• When topstitching the gusset and inner leg seam, sew from the front, pivoting to sew around one side of the gusset, then continue up the back seam. Then go back and sew the other angled side of the gusset. The stitching will overlap a bit at the starting and ending points but it won’t be super noticeable unless you’re using contrast thread.

Next up: sewing the pocket!

, ,

26 Responses to Sewing Seams that Look Like Flatlock

  1. Hélène October 6, 2015 at 6:40 am #

    Great useful tips! Many thanks.

  2. Julie Culshaw October 6, 2015 at 7:16 am #

    Thanks, a great way to do these seams if you don’t have a flat locker. I will definitely give this a try.

  3. Marlise October 6, 2015 at 9:22 am #

    Thanks for this great idea – even though I can do a flatlock seam on my machine I will use this stitch just for variaty.

  4. Mandykatt October 6, 2015 at 9:29 am #

    What a timely tutorial! I was just thinking about this yesterday while shopping for raincoat fabric. This would probably work well with some of the outerwear fabrics I was dreaming projects for. Thanks!

  5. Sandra October 6, 2015 at 11:40 am #

    Great tutorial! what kind of thread are you using? it looks thicker than regular thread.

    • Tasia October 7, 2015 at 10:36 am #

      It’s just regular, all-purpose Gutermann polyester thread. Just happens to be neon, so it stands out a lot more than if it matched the fabric. I still have the spool, it’s colour number 3837 if you like it!

  6. Roxanne October 6, 2015 at 1:40 pm #

    You can do flatlock seems on a serger. The lower looper tension has to be set very loose and when the seam is finished you sttetch the two pieces and the lower piece will twist and flatten iut under the upper.

    • Tasia October 7, 2015 at 10:37 am #

      I’ve heard that though never tried it myself – thanks for sharing!

  7. nothy lane October 6, 2015 at 2:13 pm #

    I love the look of this seam…Tasia your new collection is fabulous and I love that you’ve upped the standards for home sewing. This collection really looked like high end RTW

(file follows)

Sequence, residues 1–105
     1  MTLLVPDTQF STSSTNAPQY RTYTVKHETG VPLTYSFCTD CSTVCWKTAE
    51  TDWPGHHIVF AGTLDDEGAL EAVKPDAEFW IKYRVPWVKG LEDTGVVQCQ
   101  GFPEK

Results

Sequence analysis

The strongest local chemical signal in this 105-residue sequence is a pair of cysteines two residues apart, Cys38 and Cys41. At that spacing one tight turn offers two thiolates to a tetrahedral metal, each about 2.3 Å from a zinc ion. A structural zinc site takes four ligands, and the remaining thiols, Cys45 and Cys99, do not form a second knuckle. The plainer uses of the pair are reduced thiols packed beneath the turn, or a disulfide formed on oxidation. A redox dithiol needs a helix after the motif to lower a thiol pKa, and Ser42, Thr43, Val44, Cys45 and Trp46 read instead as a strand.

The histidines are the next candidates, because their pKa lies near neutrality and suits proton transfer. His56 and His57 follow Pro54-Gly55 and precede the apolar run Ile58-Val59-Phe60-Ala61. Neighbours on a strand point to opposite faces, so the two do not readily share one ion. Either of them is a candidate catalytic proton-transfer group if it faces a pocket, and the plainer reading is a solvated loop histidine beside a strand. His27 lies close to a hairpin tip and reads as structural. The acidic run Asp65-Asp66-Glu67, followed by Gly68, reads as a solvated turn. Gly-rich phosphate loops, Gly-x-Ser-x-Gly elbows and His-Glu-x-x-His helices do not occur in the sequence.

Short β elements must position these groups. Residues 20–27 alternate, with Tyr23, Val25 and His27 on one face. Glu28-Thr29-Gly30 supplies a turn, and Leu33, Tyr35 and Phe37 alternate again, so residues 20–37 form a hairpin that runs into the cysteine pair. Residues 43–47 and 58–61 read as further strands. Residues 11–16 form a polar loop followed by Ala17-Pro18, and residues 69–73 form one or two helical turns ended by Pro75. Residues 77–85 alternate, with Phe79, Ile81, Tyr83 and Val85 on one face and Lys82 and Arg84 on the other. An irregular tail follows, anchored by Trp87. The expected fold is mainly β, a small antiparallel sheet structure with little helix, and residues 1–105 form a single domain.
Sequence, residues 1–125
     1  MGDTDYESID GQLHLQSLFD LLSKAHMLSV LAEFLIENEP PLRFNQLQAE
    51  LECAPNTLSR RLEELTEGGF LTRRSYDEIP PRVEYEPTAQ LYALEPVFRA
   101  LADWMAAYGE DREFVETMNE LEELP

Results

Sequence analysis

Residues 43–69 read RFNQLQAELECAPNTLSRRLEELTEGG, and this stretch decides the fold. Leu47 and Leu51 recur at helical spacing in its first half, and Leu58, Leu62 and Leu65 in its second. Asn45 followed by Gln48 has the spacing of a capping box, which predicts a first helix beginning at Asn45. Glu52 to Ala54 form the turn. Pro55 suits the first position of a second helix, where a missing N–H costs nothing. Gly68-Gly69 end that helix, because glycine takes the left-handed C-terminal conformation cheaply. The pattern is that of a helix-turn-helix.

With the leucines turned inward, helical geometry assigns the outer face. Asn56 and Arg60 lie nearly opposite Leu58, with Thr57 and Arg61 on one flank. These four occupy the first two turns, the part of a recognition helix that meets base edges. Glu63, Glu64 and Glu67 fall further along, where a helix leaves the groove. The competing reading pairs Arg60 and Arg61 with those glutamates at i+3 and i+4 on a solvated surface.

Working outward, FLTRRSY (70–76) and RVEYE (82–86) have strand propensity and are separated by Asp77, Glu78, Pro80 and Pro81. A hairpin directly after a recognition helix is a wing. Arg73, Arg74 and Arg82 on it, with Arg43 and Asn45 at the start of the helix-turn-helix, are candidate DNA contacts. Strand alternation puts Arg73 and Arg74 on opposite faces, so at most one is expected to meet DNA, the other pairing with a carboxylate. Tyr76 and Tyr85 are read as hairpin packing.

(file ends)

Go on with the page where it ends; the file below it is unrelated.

• Tasia October 7, 2015 at 10:38 am #

      Thanks so much! That’s such a nice thing to say, and makes me happy as that was our goal with this collection, to have it look really professional and as good as store-bought.

  8. Missy October 8, 2015 at 3:33 pm #

    If you have a baby lock serger, you can do a 3-thread flatlock too. Set it up with both the needle thread and the upper looper thread in the upper looper track. Put wrong sides together to see the serging stitches on the right side.

    • knitbunnie October 19, 2015 at 10:13 am #

      This is fabulous! Although I have sergers and coverstitch machines, I’m going to give this a try. I love the way it looks. Thank you!!!

  9. Hallvard October 10, 2015 at 1:42 pm #

    I really enjoy this.

  10. Margo October 11, 2015 at 6:31 pm #

    Fantastic tip!

  11. Rebecca October 12, 2015 at 2:14 am #

    Brilliant!! Really handy – I’d never thought of doing that. It gives a much more pro look to have even the fake flatlock there!

  12. justine October 16, 2015 at 10:53 am #

    Thank you! I have had trouble trying to get this look in my fitness wear. First I serged, then tried to go over it with a coverstitch but the seam skipped stitches and became so thick and stretched out. I’m eager to try this on a tennis outfit I have cut out. Perfect timing!

  13. Betty Jordan Wester October 19, 2015 at 7:11 am #

    I have never thought about doing this- thank you! I totally love it.

  14. Sarah October 19, 2015 at 10:08 am #

    Do you have any tips for doing the inseam of leggings? I am just wondering how this would work once you get into the more narrow parts of the pant inseam (like around the knee area).

  15. KJ October 20, 2015 at 4:05 am #

    I love this look, great tip, thank you!

  16. Kristalyn October 23, 2015 at 3:45 pm #

    What sewing machine do you use?

  17. Velosewer December 1, 2015 at 6:29 pm #

    This is really handy. Thanks for the tute.

    • Tasia December 2, 2015 at 6:42 pm #

      Great to hear it! ;)

Trackbacks/Pingbacks

  1. Wednesday Weekly #10 | Helen's ClosetHelen's Closet - October 7, 2015

    […] demonstrates how to make faux flatlocked seams. Perfect for people like me who don’t have a serger or coverlock […]

  2. Pattern Review: Sewaholic Pacific Leggings - January 14, 2016

    […] definitely make this pattern again; on the Sewaholic blog Tasia demonstrates a version in which the seams are topstitched in a contrasti… and I’d love to have a go at that for the next […]

  3. Turtleneck fit for a beatnik | By Gum, By Golly - February 9, 2016

    […] be fancy you could probably press the seam open and do a decorative stitch on top, kind of like the faux flatlock tutorial at Sewaholic. That’s for sportswear but I don’t see why you couldn’t try it for […]

  4. sewing: pneuma tank and aires leggings - imagine gnats - February 26, 2016

    […] on my regular machine. For topstitching, both for strength and a bit of visual interest, I followed this tutorial from Sewaholic for faux flatlock seams using the “baseball” stitch on my machine (my machine’s user manual calls it the […]

Leave a Reply